"What time does the motor boat usually come over?"
"Between seven and eight, sir. Sometimes it's a bit after eight. Don't know what
Fred Narracott can be doing this morning. If he's ill he'd send his brother."
Philip Lombard said:
"What's the time now?"
"Ten minutes to ten, sir."
Lombard's eyebrows rose. He nodded slowly to himself.
Rogers waited a minute or two.
General Macarthur spoke suddenly and explosively.
"Sorry to hear about your wife, Rogers. Doctor's just been telling us."
Rogers inclined his head.
"Yes, sir. Thank you, sir."
He took up the empty bacon dish and went out.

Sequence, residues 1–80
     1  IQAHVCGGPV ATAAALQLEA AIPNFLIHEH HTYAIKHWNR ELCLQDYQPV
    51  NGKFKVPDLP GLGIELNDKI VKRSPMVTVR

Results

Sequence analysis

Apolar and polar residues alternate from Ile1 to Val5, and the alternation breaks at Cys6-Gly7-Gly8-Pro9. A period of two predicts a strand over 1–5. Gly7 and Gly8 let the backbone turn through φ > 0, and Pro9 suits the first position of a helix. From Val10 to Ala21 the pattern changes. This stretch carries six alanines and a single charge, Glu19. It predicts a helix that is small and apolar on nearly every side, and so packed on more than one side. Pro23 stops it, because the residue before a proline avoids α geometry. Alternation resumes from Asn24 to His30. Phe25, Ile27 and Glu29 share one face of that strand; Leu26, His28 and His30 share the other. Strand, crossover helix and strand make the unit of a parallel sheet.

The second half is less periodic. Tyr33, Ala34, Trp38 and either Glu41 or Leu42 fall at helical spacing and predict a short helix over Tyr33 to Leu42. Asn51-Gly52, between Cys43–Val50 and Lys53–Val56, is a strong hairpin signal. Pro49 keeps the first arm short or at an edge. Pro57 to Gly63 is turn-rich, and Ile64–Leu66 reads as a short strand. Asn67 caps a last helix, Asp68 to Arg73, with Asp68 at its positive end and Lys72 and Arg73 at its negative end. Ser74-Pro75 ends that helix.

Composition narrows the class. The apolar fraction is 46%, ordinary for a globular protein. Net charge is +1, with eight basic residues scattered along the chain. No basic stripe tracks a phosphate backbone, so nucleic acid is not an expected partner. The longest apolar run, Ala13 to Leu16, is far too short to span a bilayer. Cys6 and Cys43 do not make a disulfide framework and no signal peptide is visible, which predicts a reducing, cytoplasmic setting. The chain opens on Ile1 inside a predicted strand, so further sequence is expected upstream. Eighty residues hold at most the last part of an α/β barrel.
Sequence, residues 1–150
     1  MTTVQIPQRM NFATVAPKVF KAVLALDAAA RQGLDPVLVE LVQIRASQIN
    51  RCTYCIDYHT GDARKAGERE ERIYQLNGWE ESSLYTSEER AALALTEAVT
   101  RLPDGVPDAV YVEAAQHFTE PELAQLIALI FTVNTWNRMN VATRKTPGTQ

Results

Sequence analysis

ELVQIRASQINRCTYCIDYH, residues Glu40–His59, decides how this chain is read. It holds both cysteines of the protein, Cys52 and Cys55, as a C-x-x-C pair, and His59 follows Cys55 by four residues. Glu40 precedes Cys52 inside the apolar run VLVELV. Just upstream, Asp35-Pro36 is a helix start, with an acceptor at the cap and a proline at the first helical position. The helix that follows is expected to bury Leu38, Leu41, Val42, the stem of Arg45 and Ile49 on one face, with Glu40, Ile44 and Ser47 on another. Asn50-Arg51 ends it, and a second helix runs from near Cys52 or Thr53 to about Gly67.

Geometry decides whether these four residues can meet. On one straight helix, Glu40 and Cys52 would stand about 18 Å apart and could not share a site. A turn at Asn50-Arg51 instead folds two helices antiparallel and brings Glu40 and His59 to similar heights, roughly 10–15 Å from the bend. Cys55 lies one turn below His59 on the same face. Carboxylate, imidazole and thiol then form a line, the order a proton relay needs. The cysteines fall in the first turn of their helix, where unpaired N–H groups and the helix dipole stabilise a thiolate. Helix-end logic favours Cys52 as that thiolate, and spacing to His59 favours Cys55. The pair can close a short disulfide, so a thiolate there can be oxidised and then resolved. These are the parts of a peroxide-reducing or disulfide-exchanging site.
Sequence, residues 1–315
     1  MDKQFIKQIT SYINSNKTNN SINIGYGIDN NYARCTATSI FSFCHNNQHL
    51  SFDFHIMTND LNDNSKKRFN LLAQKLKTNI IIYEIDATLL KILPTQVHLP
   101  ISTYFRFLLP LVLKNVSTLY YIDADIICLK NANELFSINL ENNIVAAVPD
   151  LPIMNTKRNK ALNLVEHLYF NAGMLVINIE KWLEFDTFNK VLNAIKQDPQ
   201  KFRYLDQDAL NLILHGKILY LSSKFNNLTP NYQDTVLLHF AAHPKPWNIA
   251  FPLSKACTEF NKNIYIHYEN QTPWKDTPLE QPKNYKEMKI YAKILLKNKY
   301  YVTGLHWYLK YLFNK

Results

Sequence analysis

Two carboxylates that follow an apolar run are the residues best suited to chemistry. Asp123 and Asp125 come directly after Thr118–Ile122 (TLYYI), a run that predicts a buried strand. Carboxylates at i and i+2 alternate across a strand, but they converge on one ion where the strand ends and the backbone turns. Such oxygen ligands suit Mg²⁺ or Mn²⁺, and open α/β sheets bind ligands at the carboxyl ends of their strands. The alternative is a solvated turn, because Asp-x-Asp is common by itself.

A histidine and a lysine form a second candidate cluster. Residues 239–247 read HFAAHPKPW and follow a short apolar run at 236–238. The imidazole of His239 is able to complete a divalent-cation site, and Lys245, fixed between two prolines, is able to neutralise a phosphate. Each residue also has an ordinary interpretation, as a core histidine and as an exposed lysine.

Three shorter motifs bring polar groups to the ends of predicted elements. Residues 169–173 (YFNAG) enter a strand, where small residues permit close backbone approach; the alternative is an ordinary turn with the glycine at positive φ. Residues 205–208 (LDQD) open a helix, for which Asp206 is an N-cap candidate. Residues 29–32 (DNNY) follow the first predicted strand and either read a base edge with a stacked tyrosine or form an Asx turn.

Again there was silence.
On the terrace outside Philip Lombard said:
"About this motor boat -"
Blore looked at him.
Blore nodded his head.
"I know what you're thinking, Mr. Lombard. I've asked myself the same question.
Motor boat ought to have been here nigh on two hours ago. It hasn't come? Why?"
"Found the answer?" asked Lombard.
"It's not an accident - that's what I say. It's part and parcel of the whole business.
It's all bound up together."
Philip Lombard said:
"It won't come, you think?"
A voice spoke behind him - a testy impatient voice.
"The motor boat's not coming," he said.
Blore turned his square shoulder slightly and viewed the last speaker
"You think not too, General?"
General Macarthur said sharply:
"Of course it won't come. We're counting on the motor boat to take us off the
island. That's the meaning of the whole business. We're not going to leave the
island... None of us will ever leave... Il's the end, you see - the end of
He hesitated, then he said in a low strange voice: